Sunday, September 25, 2005

CSIS: Saudi Militants in Iraq

The problem of Saudi militants joining the jihad in Iraq, either to die or to train and take their skills home again, is one of the great and growing security concerns in the Middle East. It's a key reason the Saudi government is speaking out so strongly now about the dangers of all-out civil war in its neighbor to the north. A new report from the CSIS by Nawaf Obaid and Anthony Cordesman, written with substantial Saudi input, helps to clarify the situation. Its conclusion, the role of Saudis in Iraq has been exaggerated, but there's still a hell of a lot to worry about:

"Interrogations and other Saudi intelligence gathering operations reveal that these individuals do not come exclusively from a single geographical region in Saudi Arabia, but from various areas in the Kingdom, especially from the South, Hijaz, and Najd. They are usually affiliated with the most prominent conservative tribes and are generally middle class. Most are employed, many are educated, and all are Sunni. ...

"The average age of these fighters is 17-25, but a few are older. Some have families and young children. In contrast, other fighters from across the Middle East and North Africa tend to be in their late 20s or 30s. As part of a massive crackdown on Saudi militants attempting to enter Iraq, the Saudi government has interrogated dozens of nationals either returning from Iraq or caught at theborder. They were then questioned by the intelligence services about, among other things, their motives for joining the insurgency. One important point was the number who insisted that they were not militants before the Iraq war. Backing up this contention, of those who were interrogated, a full 85% were not on any government watch list (which comprised most of the recognized extremists and militants), nor were they known members of al-Qaeda. The names of those who died fighting in Iraq generally appear on militant websites as martyrs, and Saudi investigators have also approached the families of these individuals for information regarding the background and motivation of the ones who died. According to these interviews as well, the bulk of the Saudi fighters in Iraq were driven to extremism by the war itself. ... "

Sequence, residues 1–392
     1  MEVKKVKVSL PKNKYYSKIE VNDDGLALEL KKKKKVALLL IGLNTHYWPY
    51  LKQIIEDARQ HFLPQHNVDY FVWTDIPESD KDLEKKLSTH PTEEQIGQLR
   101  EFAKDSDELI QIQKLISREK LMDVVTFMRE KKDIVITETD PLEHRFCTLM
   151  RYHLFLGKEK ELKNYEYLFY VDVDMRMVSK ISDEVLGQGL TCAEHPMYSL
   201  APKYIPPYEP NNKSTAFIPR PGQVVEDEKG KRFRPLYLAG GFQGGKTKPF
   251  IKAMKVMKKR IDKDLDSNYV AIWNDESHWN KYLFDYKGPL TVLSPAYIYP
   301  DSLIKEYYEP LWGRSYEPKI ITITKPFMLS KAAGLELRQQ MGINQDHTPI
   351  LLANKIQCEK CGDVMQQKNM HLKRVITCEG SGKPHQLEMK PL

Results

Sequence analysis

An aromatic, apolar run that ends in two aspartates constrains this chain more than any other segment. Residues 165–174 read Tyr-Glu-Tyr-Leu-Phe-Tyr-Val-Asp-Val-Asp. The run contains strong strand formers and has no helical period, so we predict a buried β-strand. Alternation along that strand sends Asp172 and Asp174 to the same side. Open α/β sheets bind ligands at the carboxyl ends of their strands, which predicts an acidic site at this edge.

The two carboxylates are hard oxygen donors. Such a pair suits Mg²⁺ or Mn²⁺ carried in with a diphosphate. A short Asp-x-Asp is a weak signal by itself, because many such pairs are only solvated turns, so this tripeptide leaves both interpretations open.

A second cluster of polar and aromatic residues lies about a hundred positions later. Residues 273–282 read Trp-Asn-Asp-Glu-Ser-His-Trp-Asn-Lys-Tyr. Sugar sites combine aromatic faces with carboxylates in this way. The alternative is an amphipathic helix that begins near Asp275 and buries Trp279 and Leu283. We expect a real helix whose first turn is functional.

"Saudi Militants in Iraq: Assessment and Kingdom's Response," by Nawaf Obaid and Anthony Cordesman. Center for Strategic and International Studies. Revised Sept. 19, 2005. (PDF file)

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